• Copy of the (application for a) work permit (not required if you are a knowledge worker)
  • Copy of the employment contract
  • Signed declaration of non-criminal behaviour
  • Legalised birth certificate
  • Legalised marriage certificate (when applicable)
  • Divorce papers (when applicable)
  • Act of name change (when applicable)
  • Proof of medical insurance with coverage in the Netherlands
  • Declaration that the individual does not pose a threat to society
  • Two passport pictures

In addition, expats must also be prepared to undergo a tuberculosis check. Citizens of the following countries do not need to be tested—EU member states, Australia, Canada, Iceland, Israel, Japan, Liechtenstein, Monaco, New Zealand, Norway, Surinam, Switzerland and the United States of America.

While the above are the general requirements, the exact rules can change with new legislation, as well as with the nationality of the employee involved. More detailed information can be obtained after contacting the relevant municipal administration where the individual intends to apply for his or her residence permit.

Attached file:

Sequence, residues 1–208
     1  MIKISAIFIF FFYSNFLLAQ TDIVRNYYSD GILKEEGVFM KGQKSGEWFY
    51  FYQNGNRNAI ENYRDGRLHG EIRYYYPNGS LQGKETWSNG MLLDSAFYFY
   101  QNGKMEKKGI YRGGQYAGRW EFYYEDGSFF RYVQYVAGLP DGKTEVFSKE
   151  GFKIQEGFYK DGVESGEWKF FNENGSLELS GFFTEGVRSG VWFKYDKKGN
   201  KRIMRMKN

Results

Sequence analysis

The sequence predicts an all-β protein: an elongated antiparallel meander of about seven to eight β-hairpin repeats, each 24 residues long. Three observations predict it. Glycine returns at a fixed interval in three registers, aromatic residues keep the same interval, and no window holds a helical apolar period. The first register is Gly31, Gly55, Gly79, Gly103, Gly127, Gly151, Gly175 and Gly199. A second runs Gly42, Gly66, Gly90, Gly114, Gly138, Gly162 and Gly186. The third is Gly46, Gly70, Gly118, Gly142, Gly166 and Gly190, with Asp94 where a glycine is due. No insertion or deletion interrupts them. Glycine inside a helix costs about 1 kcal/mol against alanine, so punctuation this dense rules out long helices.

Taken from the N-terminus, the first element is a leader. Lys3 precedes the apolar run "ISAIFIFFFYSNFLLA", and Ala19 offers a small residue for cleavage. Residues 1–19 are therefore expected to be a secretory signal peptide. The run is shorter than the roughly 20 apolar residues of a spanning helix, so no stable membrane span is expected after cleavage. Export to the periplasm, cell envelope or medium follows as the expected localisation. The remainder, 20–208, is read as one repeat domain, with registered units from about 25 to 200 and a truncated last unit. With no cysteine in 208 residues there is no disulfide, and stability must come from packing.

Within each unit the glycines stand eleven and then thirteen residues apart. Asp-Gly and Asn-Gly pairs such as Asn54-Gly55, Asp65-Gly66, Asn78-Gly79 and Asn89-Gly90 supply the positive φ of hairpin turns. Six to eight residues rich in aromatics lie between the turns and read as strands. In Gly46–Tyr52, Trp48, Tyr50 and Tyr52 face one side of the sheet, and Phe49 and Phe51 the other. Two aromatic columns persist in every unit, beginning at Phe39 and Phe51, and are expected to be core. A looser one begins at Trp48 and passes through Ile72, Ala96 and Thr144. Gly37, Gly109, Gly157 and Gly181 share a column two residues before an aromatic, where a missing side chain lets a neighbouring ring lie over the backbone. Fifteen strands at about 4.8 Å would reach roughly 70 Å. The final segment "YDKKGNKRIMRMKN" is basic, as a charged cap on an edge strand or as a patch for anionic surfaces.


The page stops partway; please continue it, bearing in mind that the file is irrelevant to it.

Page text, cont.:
It is important to identify at an early stage which documents are required, since certain documents may need to be legalised and even verified in the case of certain countries, often a time-consuming process.

When does an expat require a temporary residence permit (MVV - Machtiging tot Voorlopig Verblijf)?

Prior to their move to the Netherlands, certain nationals that plan to work and live in the Netherlands need to apply for a temporary residence permit (MVV), which is a special travel visa that they need to travel into the Netherlands.

In order to qualify for an MVV, a work permit is required, but the application processes for both the work permit and MVV can start simultaneously.